Objectivism In Ayn Rand´S The Fountainhead

992 words - 4 pages

Objectivism is defined as “an ethical theory that moral good is objectively (based on facts rather than feelings or opinions) real or that moral precepts are objectively valid.” (Webster). Demonstrated by Ayn Rand in the book, The Fountainhead, objectivism seems to most, to be morally wrong, and socially impractical, despite seeming to be a stress-free way of life. In The Fountainhead, Howard Roark does not see relationships as necessary, but as a means to an end. For America to be purely objectivist would tear the country apart, in the sense that “normal social relationships” would no longer exist, but hatred and racism would become obsolete. A democratic government would be unable to ...view middle of the document...

In most cultures the standard of behavior is to aid the needy, have tolerance, and work towards a common goal within the community. Under the standard of objectivism these values cease to exist. Not that people would be selfish, but they would cease to be selfless, and the less fortunate of society would lack the small amount of charity that was keeping them alive. In an objectivist’s mind there’s a question of “Why should I?” or “What’s in it for me?” that would annihilate any sense of charity people possess. Objectivism is faulty in the grand scheme of things, simply because people need one another to survive. People are forced to interact with one another on a day to day basis, so from that perspective objectivism is simply not practical.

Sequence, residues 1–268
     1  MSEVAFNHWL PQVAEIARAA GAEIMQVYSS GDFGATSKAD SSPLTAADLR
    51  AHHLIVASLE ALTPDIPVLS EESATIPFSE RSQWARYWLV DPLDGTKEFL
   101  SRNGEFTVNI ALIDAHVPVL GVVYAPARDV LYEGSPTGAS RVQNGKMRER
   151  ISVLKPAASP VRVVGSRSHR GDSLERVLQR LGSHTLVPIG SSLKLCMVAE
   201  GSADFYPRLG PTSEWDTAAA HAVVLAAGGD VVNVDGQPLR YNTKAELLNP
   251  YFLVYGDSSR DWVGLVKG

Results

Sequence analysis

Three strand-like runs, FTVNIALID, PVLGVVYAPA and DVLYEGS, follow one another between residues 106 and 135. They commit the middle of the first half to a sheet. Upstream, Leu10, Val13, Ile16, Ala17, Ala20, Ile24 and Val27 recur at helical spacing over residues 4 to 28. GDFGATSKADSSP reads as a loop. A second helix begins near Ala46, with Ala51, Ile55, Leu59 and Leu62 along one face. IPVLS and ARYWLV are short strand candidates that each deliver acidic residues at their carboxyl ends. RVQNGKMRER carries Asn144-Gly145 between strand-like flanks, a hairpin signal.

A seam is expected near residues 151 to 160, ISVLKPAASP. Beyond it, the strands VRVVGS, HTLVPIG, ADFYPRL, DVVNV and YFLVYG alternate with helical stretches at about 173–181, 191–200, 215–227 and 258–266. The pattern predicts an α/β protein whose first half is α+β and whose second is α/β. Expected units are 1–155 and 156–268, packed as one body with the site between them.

However, from an opposite viewpoint objectivism many positive attributes, such as forcing people to take responsibility for their own success or failure. In an objectivist country, programs like welfare, disability compensation, and healthcare would not exist, so families would be responsible to take care of themselves rather than looking to the government to solve all of their problems. A dose of objectivism is just what the country needs to get itself moving again. America has become a country full of soft, lazy, and obsessively politically correct people, who are afraid to have their own opinions. A slight amount of objectivism would be good to strike some balance into our society, while too much would tip the scale the other direction. Objectivism is positive only in balance with the right amount of conformity. True objectivists see no value in the thoughts or opinions of others, almost to the point of thinking that if a person’s life does not benefit them, then that person’s life has no value. “Regarding the value of life, I see the core human capacities as fundamentally capacities for ~living~. Thought, choice, action, and feeling enable successful living (often through more particular abilities, skills, and attitudes), as well as the intellectual...

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